SportsVarsityEight Hawks honoured as CCAA academic All-Canadians

Jeremy YudinApril 8, 20195 min

Jeremy Yudin, Sports Reporter

Eight Humber athletes were honoured as Academic All-Canadians for their commitment to educational success and athletic achievement.

“It really shows the type of person, the commitment level, and the desire,” said Michael Kopinak, associate Athletics and Recreation director at Humber. “They’re just well-rounded individuals and it’s something we’re very proud of.”

The Canadian Collegiate Athletic Association (CCAA) gave out the award to 172 athletes across 45 schools. The criteria of the accolade is to be an honours student and earn individual and/or team success.

Humber had the third most athletes that won the award.

“We probably have a lot of other athletes that could be All-Canadians, but they don’t have the combined athleticism, or aren’t on as good enough team,” Kopinak said.

Fortunately for curler Brittany Elson, with an 84 average and an Ontario Colleges Athletic Association (OCAA) second-Team All-Star, was one of eight Hawks to win the accolade.

Curling Second-Team All-Star Brittany Elson with her Academic All-Canadian award. (Courtesy of Humber Athletics)

Elson keeps track of four schedules to balance her nine-hour work shifts on the weekend, as well as varsity practices and schooling.

“It was more difficult come the new year, but because my work was flexible and especially with (coaches) Cindy (Bishop) and Sean Turriff being so flexible with the curling schedule, they were able to work around a lot of the other athletes and my work commitments,” Elson said.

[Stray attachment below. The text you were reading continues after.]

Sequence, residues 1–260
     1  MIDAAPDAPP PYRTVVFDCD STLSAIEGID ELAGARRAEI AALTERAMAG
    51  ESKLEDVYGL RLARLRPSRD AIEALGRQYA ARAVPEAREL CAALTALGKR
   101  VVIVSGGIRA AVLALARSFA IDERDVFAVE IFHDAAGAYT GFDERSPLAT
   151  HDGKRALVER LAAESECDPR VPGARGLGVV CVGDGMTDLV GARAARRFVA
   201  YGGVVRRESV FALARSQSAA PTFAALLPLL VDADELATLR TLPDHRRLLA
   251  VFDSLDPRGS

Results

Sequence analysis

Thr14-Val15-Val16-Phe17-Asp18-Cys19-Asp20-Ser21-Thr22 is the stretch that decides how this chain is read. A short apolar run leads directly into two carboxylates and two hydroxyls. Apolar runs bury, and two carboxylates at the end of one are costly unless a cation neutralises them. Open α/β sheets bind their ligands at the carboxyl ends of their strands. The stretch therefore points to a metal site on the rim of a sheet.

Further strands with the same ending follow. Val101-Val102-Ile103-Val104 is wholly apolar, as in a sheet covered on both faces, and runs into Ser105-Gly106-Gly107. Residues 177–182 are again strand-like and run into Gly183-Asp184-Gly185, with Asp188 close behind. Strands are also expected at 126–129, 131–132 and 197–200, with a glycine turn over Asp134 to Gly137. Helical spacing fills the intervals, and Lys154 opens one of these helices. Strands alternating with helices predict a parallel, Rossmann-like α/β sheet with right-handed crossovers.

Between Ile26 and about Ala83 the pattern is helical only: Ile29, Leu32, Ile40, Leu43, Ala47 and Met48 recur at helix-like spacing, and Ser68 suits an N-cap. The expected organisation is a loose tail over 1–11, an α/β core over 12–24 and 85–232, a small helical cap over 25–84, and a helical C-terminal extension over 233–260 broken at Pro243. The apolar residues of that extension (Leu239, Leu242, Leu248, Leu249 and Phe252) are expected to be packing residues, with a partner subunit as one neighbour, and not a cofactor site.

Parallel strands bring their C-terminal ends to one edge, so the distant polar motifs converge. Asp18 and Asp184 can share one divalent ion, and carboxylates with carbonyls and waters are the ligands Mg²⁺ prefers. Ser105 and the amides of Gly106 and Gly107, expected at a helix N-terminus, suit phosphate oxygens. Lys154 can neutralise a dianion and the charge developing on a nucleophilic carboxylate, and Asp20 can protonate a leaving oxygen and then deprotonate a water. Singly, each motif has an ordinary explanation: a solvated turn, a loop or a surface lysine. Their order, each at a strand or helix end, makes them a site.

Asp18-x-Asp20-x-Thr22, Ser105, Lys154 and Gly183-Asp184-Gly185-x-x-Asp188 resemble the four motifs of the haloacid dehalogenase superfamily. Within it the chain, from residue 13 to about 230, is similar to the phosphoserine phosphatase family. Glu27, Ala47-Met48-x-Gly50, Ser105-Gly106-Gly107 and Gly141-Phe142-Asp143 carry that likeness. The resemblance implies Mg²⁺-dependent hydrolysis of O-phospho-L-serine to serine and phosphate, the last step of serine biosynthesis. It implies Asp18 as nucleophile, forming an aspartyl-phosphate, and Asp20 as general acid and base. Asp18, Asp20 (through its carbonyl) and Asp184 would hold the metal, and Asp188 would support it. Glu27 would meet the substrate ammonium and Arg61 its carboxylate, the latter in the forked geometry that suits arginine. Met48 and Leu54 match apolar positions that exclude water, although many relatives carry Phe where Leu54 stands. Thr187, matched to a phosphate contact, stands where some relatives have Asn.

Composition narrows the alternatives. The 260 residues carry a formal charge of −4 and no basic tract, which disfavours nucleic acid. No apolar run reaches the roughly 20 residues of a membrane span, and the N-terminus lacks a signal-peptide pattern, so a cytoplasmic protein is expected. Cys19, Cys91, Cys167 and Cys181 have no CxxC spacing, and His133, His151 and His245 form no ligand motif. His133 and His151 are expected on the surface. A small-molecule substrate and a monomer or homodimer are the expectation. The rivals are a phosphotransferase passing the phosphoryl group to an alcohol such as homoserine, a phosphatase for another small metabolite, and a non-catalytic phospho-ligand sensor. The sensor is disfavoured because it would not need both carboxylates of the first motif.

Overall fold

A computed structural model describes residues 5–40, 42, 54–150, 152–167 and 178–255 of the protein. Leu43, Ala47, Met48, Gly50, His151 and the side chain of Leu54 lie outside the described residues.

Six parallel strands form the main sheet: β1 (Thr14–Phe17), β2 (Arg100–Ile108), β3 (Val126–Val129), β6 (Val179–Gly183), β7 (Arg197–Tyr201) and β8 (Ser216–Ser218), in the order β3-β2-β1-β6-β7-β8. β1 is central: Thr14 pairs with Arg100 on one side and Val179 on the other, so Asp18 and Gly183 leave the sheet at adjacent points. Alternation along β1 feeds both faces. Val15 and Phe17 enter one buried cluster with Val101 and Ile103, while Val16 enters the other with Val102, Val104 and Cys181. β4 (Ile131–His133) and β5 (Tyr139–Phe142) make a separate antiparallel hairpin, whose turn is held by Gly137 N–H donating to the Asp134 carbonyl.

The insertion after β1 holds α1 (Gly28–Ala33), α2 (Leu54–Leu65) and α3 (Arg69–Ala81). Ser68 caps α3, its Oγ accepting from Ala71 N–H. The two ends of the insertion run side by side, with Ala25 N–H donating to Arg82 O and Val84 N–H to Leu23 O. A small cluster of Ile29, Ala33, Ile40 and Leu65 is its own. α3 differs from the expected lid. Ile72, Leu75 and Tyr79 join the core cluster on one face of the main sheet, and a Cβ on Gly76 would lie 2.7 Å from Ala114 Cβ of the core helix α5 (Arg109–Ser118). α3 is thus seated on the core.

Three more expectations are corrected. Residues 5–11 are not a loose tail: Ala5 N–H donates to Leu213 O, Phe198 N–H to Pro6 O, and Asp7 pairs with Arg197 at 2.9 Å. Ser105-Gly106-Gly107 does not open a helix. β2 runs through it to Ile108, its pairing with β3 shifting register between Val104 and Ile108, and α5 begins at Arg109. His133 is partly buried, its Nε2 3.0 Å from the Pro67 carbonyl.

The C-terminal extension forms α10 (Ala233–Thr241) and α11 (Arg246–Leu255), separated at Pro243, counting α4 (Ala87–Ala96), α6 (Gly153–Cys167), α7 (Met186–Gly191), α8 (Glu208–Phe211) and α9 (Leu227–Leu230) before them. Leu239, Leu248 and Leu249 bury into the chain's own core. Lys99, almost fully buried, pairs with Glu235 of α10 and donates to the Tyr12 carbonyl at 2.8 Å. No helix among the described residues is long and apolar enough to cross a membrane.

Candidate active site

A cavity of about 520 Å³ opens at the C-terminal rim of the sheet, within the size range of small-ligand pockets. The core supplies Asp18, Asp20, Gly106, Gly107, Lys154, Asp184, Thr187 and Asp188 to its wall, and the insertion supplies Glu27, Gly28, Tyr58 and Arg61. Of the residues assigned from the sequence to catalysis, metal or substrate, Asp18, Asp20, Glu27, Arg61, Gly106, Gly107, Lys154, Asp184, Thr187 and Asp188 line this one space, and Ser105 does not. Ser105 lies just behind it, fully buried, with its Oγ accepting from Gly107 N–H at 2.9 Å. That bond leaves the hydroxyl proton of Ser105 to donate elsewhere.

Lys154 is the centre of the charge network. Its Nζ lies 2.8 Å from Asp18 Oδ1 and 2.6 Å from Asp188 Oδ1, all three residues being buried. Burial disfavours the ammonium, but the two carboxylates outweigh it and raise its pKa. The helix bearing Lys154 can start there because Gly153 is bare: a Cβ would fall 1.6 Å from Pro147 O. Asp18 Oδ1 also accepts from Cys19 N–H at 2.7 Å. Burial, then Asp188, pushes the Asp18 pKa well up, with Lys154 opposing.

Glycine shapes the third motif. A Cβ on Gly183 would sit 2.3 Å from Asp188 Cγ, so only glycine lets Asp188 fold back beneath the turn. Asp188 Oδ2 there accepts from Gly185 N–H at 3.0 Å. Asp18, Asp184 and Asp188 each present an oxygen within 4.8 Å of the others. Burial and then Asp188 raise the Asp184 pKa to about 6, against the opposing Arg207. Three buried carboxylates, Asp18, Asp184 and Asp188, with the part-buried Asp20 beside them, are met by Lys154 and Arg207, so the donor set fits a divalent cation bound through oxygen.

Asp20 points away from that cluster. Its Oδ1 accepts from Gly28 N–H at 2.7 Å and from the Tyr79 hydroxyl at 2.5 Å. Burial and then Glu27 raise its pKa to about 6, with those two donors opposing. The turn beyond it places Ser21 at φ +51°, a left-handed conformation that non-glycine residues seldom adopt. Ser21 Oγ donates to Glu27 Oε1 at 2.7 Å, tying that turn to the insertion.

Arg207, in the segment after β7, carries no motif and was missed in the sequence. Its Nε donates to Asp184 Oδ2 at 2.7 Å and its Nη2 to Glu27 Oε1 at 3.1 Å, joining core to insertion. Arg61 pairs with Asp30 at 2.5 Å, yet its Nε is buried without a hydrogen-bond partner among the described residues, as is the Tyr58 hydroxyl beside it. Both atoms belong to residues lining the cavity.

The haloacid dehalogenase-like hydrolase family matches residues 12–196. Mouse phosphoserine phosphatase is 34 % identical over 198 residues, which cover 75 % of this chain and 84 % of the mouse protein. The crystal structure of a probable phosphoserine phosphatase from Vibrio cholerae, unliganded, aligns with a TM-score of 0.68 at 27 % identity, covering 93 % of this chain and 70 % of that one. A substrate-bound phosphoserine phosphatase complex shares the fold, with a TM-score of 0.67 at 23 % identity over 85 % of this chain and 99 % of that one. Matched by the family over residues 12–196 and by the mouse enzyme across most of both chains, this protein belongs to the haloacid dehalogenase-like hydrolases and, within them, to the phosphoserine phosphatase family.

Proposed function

Along with the help of varsity coaches, student-athletes can also reach out to the school’s support system.

“Our athletes are fortunate in that we have a varsity academic coordinator, so a full-time academic advisor who supports our student athletes from an educational and career-advising standpoint,” said Ray Chateau, Athletics and Recreation director at Humber.

While Humber athletes have generally done well in their programs, Kopinak admits there are students who still need support.

“We also have some students that struggle,” he said. “This is not a perfect story and it’s those students we have to support (that) are at risk and do whatever we can to help give them the tools for success.

“Academics are always front and centre,” he said.